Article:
Focus on one theme for each page
Here’s where, perhaps, things start to change. If you’ve been used to using, say, up to three only loosely related key phrases, you’ll need to adjust your thinking a little. But if you’ve followed my advice and themed each page by using related key phrases in your content, you’re ready for writing for semantic search.
- Find your main key phrase for each of the pages you’re planning to write by assessing its fit with your site and business, competition and potential traffic levels
- Bolster the theme by using related key phrases (topics) within the page’s theme.
Find semantically connected key phrases
But now we know that Google is doing its best to understand the meaning, and is associating search expressions with content and other factors such as location. While there isn’t a specific tool for finding out about semantic associations, it’s easy enough to find them.
The basic way
Start by searching on your main key phrase. Pop it into Google and see the results in the Google Instant drop-down.
Make the search and scroll down to the foot of the page, where there’s a list labelled ‘Searches related to…’
In my experience, you’ll see varying degrees of overlap, so it’s worth checking both top and bottom of the Google page to make sure you haven’t missed anything.
If you want more information about Google’s suggested related key phrases, you can always put them back through Google Keyword Tool to see how many searches there are on each of the phrases.
However, I’d put fit with your business above search numbers when you’re considering adding semantically related key phrases. You’ll save time, too.
The smart way
You need just two tools:
- keywordtool.io – saves so much time and has a pretty good free version that should enable you to get more than enough data for semantic SEO copy
- SEMrush – the indispensable Swiss Army Knife of competitor analysis tools gives you competition analysis so you can be really smart with your choice of related key phrases
First – keywordtool.io
Type your main key phrase into the search box and hit return:
As you can see, keywordtool.io gives you many times the choice in just seconds.
Scroll through the list, checking off anything in the Keywords column that interests you.
Then copy your selections to the clipboard.
And don’t forget to have a look at the second tab – Questions. You’ll see questions people are asking about, in this case, semantic search. Imagine how important that could be for your content development.
Second – SEMrush
Paste your list of key phrases into the Keyword Difficulty Tool and click Show difficulty:
Here are the results:
While this may look like a whole lot of nothing, it’s actually almost as useful as having the data, inasmuch as the way ahead is clear.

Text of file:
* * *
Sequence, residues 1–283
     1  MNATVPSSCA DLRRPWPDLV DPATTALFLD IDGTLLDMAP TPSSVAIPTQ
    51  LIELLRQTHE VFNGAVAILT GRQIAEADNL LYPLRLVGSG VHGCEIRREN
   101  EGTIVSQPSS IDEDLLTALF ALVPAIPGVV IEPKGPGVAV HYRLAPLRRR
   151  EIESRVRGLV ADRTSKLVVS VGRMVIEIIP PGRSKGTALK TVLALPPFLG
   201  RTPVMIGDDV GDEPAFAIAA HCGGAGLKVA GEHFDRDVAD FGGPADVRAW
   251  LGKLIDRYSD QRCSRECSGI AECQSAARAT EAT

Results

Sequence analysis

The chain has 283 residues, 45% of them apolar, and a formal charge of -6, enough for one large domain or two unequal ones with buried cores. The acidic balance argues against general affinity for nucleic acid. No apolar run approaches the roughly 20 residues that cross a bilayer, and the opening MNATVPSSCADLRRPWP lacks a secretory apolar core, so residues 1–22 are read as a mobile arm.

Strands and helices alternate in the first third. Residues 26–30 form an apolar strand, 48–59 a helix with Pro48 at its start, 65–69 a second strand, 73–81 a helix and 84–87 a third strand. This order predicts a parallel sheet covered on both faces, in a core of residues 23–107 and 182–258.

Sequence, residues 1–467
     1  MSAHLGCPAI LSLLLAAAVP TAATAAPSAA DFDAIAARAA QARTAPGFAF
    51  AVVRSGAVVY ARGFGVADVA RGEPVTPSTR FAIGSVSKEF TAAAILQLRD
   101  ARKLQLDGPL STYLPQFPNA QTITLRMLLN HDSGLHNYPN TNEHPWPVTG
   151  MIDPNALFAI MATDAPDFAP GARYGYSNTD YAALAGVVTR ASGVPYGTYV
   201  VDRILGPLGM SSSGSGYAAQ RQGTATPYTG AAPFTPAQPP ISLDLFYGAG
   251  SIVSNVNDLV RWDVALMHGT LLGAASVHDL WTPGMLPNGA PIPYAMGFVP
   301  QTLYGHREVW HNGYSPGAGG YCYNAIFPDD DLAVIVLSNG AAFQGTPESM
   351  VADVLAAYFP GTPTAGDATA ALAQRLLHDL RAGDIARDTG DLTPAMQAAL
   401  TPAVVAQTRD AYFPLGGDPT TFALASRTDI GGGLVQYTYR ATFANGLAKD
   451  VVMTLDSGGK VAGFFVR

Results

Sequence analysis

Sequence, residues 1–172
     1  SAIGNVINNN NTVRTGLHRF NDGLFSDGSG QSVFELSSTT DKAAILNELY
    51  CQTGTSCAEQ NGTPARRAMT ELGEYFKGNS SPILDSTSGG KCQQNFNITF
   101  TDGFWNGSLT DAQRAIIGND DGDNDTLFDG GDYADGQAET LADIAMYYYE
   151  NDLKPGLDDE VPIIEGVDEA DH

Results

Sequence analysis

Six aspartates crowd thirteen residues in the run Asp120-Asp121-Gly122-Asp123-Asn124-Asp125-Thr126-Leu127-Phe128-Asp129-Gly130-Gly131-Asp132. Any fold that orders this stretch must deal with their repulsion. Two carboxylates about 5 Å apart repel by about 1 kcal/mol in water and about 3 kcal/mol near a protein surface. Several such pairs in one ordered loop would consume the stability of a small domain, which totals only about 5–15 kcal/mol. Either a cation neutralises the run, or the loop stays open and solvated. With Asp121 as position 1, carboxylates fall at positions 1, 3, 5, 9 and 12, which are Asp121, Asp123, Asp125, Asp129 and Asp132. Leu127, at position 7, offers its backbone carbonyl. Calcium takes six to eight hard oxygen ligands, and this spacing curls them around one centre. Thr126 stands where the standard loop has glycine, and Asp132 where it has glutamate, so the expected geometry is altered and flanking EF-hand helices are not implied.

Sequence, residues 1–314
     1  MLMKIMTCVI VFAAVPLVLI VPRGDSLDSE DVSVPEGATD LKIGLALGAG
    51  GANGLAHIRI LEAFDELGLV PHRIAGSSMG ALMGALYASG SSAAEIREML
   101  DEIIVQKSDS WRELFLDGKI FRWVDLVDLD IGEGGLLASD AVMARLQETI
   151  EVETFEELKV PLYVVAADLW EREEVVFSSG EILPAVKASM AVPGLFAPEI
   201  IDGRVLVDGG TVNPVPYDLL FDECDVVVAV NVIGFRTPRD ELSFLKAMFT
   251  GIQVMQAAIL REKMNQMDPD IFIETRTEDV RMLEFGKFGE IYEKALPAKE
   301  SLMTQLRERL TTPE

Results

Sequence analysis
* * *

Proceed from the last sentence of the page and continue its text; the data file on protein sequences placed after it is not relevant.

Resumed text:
We know that every key phrase but ‘semantic search engine’ almost certainly has very few searches, and even that has just 90 on average each month on Google.com.
With nothing to distinguish one from another, I can just choose the ones that fit best with the story I want to tell. The key phrases I’ve chosen to use support the main theme of the page, whether or not they are likely to deliver search traffic themselves.
In the past I’ve focused on between one and three key phrases per page, ensuring that if I was using two or three, those key phrases would be closely related to the theme (or story) I was telling on the page.
On reflection, this isn’t so far away from thinking semantically, but these days I can be more sure about using theming to make the content work better for Google.
Writing the copy
Now you’ve decided on your key phrases, it’s time to write your copy. Structurally, you’ll find things are much the same as ‘regular’ SEO copy.
You’ll need to take care of your Title tag and h1 tags. But when it comes to h2 tags and the body copy, you’ll find things are less regimented, and for that reason, easier to write.
Your main key phrase
Use your main key phrase – think of this as your semantic focus, if that helps – in your headline, and a close relative in the title tag. This will give you tight focus, yet also save you repeating the key phrase in the two most important positions on your page.
Look through your list of semantically related key phrases and see how they can support the story you want to tell. Use them, in the right order, for your subheads.
If you can use any of the remaining key phrases naturally in the copy, go ahead and use them. Don’t worry how many times (within reason) you’re using the key phrase, as long as it sounds natural.
Let me know how you’re getting on with writing for semantic search
How are you approaching producing effective content for semantic search? Do you have any tips to add to mine?
As a member of the Dumb SEO Questions Expert Panel on Google Plus, the kind people at SEMrush provide me with a Guru account. There are no affiliate links in this post.